The Big Collection – Supporting The Salvation Army

Written by: Posted on: 13 September 2017

Support the Big Collection for the Most Successful Event Yet

September is a big year for The Salvation Army, as it aims to stage the biggest Big Collection so far. The annual event raises money to support people who are vulnerable or marginalised in the UK. The Salvation Army makes a difference to the lives of people every day, as it recognises the whole person, not just their needs. Its cornerstones are Compassion and Respect.
Commenting on the Big Collection, Christine Thomas, territorial appeals officer for The Salvation Army said, “Your kindness will help people all over the UK and your generosity will become a meal for someone who is hungry, enable someone to support an older person living on their own, or provide a helping hand for a young family.”

How to support the Big Collection

One of the easiest ways to support the Big Collection is to text BCOL17 and the amount to be donated to 70070.

You can also support band music which will be staged on high streets around the UK, and support The Salvation Army members visiting local communities.

Keep an eye out for additional fund raising efforts near you.

Making a difference

The following stories highlight the difference that The Salvation Army makes to individual’s lives:


Alan has epilepsy, which caused him to lose his job as a lorry driver six years ago. At around the same time he was going through a divorce and was feeling rootless with itchy feet. He moved from Leeds to Cardiff where he ended up sleeping rough with some friends.
According to Alan, “Obviously I had nowhere to live, but I wasn’t bothered about that. At first it was all right, the drink was there for me.”
However, it soon stopped being ‘all right’ and so his friends introduced him to The Salvation Army’s bus project. The bus project is a mobile drop-in centre that puts a roof over people’s heads and some food in their stomachs. It also provides advice to those experiencing homelessness. Alan went to live at The Salvation Army’s residential centre in Cardiff, Ty Gobaith Lifehouse. He joined the Bridge Programme, which helps people overcome their addictions.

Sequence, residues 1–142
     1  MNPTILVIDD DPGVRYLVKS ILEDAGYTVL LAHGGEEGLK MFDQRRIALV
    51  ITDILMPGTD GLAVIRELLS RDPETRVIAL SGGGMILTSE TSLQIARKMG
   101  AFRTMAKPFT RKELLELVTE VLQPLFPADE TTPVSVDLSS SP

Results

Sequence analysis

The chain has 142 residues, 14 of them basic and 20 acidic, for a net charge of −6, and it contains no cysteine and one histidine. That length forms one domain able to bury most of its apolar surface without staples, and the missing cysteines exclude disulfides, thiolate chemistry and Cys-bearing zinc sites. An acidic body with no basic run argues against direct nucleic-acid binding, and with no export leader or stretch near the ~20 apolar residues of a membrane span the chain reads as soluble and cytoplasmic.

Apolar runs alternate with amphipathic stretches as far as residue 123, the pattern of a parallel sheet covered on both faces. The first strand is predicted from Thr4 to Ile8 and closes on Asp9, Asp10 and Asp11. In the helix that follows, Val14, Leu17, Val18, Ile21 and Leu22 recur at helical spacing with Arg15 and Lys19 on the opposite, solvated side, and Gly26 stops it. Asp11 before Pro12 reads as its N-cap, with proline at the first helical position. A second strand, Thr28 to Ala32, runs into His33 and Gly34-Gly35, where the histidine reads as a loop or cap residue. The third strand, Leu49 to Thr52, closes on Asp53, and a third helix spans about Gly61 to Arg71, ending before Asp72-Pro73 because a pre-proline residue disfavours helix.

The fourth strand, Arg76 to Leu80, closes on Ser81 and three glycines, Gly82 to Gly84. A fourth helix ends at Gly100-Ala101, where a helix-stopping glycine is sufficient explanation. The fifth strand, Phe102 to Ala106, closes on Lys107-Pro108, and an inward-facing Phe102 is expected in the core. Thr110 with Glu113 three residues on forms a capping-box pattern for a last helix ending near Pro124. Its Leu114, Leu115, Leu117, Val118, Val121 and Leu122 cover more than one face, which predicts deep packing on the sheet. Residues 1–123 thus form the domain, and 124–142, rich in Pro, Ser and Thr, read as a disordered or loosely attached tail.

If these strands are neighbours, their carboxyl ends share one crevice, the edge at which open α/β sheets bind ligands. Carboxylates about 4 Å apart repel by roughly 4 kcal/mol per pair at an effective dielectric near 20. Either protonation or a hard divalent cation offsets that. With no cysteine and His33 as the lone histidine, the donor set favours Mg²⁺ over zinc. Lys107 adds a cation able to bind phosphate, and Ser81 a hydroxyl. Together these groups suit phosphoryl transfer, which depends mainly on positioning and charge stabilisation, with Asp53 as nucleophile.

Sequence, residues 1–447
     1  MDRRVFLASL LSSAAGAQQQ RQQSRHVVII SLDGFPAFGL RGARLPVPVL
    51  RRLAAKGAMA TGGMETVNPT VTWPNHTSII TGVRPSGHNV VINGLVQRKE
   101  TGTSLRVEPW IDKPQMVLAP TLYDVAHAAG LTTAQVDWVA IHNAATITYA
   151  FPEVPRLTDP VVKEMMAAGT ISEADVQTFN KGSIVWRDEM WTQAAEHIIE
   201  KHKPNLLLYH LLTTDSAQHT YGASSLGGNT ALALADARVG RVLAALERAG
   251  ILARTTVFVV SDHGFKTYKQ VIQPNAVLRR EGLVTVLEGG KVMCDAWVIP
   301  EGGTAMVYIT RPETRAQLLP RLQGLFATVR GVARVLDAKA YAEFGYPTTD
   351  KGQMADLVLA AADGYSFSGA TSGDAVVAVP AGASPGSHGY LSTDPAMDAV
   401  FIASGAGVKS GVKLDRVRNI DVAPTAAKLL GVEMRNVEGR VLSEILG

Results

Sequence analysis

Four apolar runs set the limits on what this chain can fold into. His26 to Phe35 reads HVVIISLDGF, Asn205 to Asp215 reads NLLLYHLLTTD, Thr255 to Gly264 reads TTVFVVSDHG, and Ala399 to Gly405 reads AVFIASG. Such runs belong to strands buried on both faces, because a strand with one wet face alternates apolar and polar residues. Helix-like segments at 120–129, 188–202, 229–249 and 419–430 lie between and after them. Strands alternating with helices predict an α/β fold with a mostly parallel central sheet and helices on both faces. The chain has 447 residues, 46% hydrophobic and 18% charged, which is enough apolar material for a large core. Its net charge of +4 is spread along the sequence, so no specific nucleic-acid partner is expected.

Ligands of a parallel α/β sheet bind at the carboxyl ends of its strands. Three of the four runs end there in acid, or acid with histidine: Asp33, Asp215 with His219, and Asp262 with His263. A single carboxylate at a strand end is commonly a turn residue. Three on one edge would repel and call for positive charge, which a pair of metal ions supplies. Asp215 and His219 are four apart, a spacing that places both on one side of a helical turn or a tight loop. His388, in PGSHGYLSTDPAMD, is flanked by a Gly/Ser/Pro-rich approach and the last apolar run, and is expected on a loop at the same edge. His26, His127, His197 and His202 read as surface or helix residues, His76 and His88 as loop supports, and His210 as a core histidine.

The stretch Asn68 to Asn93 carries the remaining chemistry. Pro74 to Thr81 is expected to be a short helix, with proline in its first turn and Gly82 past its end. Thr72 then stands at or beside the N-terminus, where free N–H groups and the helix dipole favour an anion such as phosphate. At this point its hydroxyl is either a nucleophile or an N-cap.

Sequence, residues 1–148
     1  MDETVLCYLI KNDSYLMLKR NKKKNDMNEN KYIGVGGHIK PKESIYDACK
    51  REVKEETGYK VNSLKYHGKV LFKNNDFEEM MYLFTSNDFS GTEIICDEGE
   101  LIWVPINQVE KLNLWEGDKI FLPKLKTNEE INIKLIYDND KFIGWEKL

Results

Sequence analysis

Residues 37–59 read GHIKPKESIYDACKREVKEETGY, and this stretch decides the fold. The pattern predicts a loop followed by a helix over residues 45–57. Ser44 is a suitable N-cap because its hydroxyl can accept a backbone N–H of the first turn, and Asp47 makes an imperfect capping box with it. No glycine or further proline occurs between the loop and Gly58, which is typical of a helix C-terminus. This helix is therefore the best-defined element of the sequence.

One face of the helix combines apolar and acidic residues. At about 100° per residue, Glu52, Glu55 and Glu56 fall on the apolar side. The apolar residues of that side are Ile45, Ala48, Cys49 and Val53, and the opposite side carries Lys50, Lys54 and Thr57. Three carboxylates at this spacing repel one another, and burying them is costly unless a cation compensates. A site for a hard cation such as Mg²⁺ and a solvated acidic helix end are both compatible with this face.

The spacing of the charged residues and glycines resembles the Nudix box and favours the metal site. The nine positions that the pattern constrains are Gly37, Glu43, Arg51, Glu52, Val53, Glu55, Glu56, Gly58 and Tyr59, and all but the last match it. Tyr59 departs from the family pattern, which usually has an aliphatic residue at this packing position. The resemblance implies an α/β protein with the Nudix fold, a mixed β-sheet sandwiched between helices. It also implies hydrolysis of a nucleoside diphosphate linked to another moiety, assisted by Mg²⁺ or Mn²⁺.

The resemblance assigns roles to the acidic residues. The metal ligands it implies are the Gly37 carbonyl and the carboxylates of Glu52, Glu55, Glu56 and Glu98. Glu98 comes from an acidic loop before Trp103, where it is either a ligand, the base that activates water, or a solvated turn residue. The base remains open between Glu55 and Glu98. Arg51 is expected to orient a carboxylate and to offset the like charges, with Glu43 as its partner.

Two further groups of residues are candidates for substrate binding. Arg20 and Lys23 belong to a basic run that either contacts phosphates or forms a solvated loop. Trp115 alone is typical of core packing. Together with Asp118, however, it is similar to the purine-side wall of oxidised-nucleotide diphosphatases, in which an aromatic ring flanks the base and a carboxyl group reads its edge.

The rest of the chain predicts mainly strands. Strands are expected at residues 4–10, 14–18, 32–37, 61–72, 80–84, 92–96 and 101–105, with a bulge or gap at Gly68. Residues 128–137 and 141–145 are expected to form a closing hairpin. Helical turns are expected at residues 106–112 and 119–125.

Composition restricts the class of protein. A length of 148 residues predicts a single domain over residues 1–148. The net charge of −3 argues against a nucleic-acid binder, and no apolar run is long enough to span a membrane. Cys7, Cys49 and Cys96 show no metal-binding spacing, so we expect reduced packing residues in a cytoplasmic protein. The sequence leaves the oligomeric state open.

After completing the programme Alan left the centre to live independently in a flat, but it wasn’t long before he went back to sleeping rough. His life was changed again when someone who worked at Ty Gobaith Lifehouse saw him on the streets and told him to return to the centre and said that he was ‘going to be all right’.
Alan said, “It was like a second chance which I’ve never had in life. You cannot put a price on that, to get a second change like that, to turn your life around – and The Salvation Army were the people that did that for me.”


Alastair was a chartered surveyor who retired in 2001. Over the years, his wife, Isobel, noticed that he was showing signs of dementia. Isobel said, “I noticed that he definitely had a problem with his memory. He had no interest in anything. He lost contact with people he knew so had no friends. It was quite difficult. Alastair’s mobility had reached a stage where he couldn’t manage to get out on his own, and unfortunately it got to the stage where I couldn’t look after him.”
During her search for care homes, she found The Salvation Army’s Davidson House in Edinburgh. Isobel said, “I’ve been delighted with the care he’s had here. He seems to have settled, which more than he had in the other places; he kept packing his bags to leave … The staff are particularly caring, they really look after Alastair and I just can’t fault them at all.”


Andy was a drug addict who funded his addiction by stealing meat and selling it in pubs in Swindon. He was referred to The Salvation Army’s rehab centre, Gloucester House in Swindon. He said, “I saw the hope sign above the door and felt that warm feeling. I was still on medication when I came so I was sort of detoxed here. I struggled physically for a bit, and emotionally, but it felt like home. It felt like finally, throughout all those years of using I had finally found a place where I could start afresh.”
Andy was so moved by his experience that he now works at Gloucester House, supporting other addicts recover and rediscover their lives.

The Salvation Army’s work

The Salvation Army has more than 800 community churches and social centres in the UK. The centres offer compassionate support and practical help. Activities include lunch clubs for older people, emergency food donations, night shelter drop-ins, playgroups for children debt advice, and employment services.

Remember: To support the Big Collection, members of the public can also text BCOL17 and the amount they want to donate to 70070.